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In the Shop => Scissors Sharpening => Topic started by: Sam Sloane on December 28, 2019, 12:24:56 pm

Title: Scissors for Kevlar
Post by: Sam Sloane on December 28, 2019, 12:24:56 pm
Hi all,

I rarely do scissors......read alot on facebook about stylist and grooming shears, but not alot out there on Industrial Shears....

Today I did 27 pairs of shears for a Composite Company......for cutting fiberglass, carbon fiber, and Kevlar.

I could cut the fiberglass, and the carbon, but none of my work was "stellar" when it came to the kevlar.   I was told to set the edge at 25 degrees by someone, but found the best for these was actually less than 15 degrees ( which my tormek gauge cant even measure, because the plastic bulge on the angle indicator actually touches the wheel....look for yourself!)

Does anyone have insight to what would work best for the kevlar??

Also, after doing about 15 pairs, I noticed my SB-250 Wheel was totally chattered.....like little waves running across the face of the wheel.....is this normal?....I have to resurface the wheel a few times to gring them out!

Thanks,

Sam
Title: Re: Scissors for Kevlar
Post by: cbwx34 on December 28, 2019, 04:54:41 pm
Hi all,

I rarely do scissors......read alot on facebook about stylist and grooming shears, but not alot out there on Industrial Shears....

Today I did 27 pairs of shears for a Composite Company......for cutting fiberglass, carbon fiber, and Kevlar.

I could cut the fiberglass, and the carbon, but none of my work was "stellar" when it came to the kevlar.   I was told to set the edge at 25 degrees by someone, but found the best for these was actually less than 15 degrees ( which my tormek gauge cant even measure, because the plastic bulge on the angle indicator actually touches the wheel....look for yourself!)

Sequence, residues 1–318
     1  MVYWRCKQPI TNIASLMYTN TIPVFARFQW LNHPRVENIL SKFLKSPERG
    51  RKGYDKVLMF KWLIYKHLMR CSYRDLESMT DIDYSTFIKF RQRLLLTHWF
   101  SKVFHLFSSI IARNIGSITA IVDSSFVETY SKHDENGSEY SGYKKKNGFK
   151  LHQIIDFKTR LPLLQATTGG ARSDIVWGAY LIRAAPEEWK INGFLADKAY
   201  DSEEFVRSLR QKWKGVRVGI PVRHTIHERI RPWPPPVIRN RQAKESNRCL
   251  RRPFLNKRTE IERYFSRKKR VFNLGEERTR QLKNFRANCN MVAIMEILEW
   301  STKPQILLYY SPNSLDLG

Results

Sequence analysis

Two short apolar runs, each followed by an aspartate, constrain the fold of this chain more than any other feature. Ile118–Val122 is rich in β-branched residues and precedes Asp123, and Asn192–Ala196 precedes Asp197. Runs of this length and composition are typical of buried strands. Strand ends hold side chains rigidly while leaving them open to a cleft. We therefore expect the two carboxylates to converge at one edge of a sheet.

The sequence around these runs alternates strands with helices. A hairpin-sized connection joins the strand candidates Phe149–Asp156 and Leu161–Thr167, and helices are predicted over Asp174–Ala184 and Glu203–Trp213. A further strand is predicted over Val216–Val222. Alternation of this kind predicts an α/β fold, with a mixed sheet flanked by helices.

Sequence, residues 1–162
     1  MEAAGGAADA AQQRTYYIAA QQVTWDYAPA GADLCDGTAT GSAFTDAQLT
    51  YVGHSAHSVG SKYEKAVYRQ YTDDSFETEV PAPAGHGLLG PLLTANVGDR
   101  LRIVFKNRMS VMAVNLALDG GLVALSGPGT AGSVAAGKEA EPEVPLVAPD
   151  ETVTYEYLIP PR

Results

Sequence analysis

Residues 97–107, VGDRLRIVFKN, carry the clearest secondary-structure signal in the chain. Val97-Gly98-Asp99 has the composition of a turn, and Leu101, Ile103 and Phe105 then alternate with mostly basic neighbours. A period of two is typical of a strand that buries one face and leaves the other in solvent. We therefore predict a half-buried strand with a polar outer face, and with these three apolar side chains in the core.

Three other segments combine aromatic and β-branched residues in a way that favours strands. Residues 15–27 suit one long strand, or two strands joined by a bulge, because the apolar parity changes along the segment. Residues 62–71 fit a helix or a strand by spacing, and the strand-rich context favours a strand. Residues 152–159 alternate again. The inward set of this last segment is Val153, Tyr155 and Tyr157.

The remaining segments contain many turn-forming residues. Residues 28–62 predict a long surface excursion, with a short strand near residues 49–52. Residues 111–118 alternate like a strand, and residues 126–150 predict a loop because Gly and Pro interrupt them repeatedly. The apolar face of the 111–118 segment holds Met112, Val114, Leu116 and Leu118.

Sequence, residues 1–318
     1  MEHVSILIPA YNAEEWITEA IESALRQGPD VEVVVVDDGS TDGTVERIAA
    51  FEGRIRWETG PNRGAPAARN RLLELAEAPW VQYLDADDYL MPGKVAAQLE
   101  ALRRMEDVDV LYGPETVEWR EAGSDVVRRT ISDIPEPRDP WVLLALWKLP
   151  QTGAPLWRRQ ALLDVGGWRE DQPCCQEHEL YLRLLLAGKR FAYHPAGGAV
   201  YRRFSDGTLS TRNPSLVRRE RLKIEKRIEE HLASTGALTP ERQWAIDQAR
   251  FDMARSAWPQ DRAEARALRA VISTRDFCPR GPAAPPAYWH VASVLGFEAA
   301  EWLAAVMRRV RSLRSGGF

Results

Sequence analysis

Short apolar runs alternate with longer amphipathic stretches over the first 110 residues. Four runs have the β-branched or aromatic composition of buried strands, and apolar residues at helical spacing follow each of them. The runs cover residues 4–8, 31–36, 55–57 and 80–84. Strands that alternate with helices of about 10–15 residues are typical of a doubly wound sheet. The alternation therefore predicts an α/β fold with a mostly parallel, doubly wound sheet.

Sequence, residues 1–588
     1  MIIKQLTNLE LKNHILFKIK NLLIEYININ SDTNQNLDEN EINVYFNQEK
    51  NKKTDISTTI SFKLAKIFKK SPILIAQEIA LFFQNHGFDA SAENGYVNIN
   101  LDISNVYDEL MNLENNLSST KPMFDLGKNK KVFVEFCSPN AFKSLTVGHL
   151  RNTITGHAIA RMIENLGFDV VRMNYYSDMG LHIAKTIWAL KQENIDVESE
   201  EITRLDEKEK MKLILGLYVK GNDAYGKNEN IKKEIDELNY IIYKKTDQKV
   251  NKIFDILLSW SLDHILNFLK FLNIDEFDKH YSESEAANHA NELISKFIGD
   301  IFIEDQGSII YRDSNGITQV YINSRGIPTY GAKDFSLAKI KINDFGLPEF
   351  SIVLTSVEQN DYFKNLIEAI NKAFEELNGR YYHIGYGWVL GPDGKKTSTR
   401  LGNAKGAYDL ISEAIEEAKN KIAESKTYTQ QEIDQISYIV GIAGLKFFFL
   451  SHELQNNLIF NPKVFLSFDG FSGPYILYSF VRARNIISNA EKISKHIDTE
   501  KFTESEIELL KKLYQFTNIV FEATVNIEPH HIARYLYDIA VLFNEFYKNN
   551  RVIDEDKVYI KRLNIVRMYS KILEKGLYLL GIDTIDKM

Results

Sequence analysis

Does anyone have insight to what would work best for the kevlar??

Also, after doing about 15 pairs, I noticed my SB-250 Wheel was totally chattered.....like little waves running across the face of the wheel.....is this normal?....I have to resurface the wheel a few times to gring them out!

Thanks,

Sam

I don't know anything about cutting Kevlar, so I did a search.  Most of what I found seems to indicate that a bit of a "toothy" edge is needed.  Here's a sample quote or two...

Quote
Kevlar has extremely strong, and slippery fibers.    When you try to cut it with normal scissors the fibers start to slip over the edge, and pushes the blades apart.    Extremely sharp scissors may work for a while, but they'll dull fairly quickly.    The trick here, is that I'm putting a rough and random serrated edge on each blade.   These little teeth grab the fibers while the blade slices through the Kevlar quite easily.